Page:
at a closed-door meeting of party loyalists to
thank them for their support and field their
questions concerning the uncertain future of
the Democratic Party. While there, Kerry spe-
cifically singled out abortion as critical to the
future of the party. He said the party needed to
soften its image and its message on abortion.
Most importantly, he noted the party needs to
convince red America it doesn't support abor-
tion enthusiastically, but grudgingly.
According to the Newsweek article, there
was a gasp in the room. But Kerry is right
- we all need to take a big step towards the
center on this one. With pro-life Democrats
like former Rep. Tim Roemer (Indiana), one
of the possible replacements for departing
Democratic National Committee chair Terry
McAuliffe, and Senate Democratic leader
Harry Reid (Nevada) taking increasingly
prominent roles in the party, its entirely pos-
sible that a desperate Democratic party might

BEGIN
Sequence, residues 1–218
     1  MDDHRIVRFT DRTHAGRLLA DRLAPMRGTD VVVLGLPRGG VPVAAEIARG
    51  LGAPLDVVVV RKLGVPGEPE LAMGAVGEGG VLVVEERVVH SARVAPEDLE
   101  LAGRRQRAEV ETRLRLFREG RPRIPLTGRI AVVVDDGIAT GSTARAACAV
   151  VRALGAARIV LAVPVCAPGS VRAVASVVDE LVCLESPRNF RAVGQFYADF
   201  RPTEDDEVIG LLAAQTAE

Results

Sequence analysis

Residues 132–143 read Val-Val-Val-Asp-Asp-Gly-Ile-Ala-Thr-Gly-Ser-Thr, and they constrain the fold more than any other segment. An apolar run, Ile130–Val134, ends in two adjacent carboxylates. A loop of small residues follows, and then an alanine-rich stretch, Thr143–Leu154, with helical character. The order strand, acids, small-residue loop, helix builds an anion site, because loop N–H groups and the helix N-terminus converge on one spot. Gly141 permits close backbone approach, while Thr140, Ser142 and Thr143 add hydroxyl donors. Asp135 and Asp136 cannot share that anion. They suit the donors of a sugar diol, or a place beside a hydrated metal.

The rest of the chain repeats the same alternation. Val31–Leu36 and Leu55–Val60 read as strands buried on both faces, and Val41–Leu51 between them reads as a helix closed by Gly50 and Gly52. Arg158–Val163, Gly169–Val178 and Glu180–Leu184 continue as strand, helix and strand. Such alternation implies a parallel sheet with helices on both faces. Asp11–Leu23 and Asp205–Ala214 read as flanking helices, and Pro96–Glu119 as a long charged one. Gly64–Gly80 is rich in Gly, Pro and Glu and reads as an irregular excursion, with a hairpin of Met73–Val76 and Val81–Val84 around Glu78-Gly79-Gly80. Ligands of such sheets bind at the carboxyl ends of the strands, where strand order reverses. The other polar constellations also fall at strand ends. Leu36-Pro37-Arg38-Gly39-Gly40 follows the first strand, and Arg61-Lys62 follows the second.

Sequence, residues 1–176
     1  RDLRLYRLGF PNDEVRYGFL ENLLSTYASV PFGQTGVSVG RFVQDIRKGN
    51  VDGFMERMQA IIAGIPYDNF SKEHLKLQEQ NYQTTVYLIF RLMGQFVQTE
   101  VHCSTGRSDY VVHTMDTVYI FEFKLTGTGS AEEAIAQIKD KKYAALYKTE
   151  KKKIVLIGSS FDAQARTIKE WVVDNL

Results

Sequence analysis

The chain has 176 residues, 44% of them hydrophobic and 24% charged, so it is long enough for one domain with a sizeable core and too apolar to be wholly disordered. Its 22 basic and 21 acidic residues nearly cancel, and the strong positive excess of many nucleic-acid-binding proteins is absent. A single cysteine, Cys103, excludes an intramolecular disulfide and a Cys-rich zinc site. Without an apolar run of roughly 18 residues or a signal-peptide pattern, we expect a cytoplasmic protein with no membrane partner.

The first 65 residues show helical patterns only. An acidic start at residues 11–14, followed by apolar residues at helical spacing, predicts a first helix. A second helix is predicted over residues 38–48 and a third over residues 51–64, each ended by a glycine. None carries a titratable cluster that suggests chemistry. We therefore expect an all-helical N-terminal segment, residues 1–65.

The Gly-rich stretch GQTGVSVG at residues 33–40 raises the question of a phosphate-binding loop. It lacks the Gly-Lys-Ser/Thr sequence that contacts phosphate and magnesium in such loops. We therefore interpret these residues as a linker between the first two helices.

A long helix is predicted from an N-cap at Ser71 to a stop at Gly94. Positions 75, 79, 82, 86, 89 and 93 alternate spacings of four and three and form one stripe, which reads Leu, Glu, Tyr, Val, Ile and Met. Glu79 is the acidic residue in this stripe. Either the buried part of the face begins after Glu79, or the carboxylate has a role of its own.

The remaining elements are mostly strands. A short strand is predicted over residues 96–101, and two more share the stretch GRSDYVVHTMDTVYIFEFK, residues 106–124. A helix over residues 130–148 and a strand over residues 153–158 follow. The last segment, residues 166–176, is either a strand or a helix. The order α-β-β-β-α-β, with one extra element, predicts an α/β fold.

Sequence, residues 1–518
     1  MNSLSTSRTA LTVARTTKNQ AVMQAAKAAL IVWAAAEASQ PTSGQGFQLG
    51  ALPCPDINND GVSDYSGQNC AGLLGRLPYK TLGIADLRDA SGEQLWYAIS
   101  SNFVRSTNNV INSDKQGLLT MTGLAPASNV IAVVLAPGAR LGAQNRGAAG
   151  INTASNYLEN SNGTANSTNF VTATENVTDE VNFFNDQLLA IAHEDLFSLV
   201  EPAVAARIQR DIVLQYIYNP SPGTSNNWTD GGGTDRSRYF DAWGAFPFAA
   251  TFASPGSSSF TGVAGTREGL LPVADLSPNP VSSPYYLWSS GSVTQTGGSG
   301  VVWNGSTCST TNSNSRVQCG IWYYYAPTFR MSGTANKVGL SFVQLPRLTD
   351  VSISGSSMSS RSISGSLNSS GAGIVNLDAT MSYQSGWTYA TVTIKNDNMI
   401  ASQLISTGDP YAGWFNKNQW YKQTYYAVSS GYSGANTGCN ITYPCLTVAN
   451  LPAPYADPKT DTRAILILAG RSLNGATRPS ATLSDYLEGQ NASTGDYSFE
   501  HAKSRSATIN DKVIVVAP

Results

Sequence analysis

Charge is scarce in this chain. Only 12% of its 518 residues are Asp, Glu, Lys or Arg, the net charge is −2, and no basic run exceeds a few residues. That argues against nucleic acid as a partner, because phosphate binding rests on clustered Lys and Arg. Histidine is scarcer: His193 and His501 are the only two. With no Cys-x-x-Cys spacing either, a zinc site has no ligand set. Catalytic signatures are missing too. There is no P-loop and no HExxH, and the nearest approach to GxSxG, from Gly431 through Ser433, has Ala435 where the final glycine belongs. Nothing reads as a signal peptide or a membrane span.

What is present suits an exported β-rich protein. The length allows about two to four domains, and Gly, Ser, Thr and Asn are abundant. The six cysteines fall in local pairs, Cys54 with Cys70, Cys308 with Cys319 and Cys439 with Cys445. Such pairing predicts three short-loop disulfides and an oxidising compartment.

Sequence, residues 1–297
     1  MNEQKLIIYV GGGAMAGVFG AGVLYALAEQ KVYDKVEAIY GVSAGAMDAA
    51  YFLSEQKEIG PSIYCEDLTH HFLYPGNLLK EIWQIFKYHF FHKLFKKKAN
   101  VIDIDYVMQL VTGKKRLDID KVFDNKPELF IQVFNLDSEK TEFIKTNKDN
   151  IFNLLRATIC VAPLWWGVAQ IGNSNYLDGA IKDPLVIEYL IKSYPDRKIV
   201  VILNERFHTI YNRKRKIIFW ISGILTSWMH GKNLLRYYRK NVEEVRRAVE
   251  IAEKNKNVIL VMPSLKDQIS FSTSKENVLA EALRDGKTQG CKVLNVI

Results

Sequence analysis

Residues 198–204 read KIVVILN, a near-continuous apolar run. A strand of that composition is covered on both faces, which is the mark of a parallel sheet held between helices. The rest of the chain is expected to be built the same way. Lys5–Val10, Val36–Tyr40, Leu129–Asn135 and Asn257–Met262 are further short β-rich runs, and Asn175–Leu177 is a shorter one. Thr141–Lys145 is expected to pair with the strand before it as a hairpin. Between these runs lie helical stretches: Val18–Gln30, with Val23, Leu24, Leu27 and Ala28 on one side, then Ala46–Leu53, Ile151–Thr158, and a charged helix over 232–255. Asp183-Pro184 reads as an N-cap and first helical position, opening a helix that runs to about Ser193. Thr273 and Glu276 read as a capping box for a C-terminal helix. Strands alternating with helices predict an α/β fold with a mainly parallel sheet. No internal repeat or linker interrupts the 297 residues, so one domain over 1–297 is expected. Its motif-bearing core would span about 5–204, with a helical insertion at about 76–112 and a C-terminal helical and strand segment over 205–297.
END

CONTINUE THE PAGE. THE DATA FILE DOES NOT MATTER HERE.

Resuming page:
make the first move.
The Republicans would do well to fol-
low - lest this debate continues as an all-
or-nothing proposition. What a tragedy that
Adams can be reached at
LETTERS TO THE EDITOR
Daily textbook shopping
suggestions are 'dead on'
TO THE DAILY:
The Daily's editorial (Buying books, 01/07/2005)
was dead on. The University offers many much-
needed, non-academic services to its students like
Student Legal Services and AirBus - but in the
important task of textbook purchasing, the Uni-
versity leaves students out in the cold - literally;
the line of chilly students outside Shaman Drum
Those shivering students deserve a better text-
book purchasing system - one that continues to
encourage patronage of local businesses like Sha-
man Drum, Ulrichs and Michigan Book & Supply,
because these businesses use enormous amounts
of capital to purchase hundreds of thousands of
dollars of books each year. Students should not,
however, be bound to these businesses and should
be able to purchase books from any seller they
choose - particularly online booksellers.
Information is key to this approach. Textbook
information can be integrated into the Literature,
Science & Arts course guide so that students can
take book costs into consideration when choosing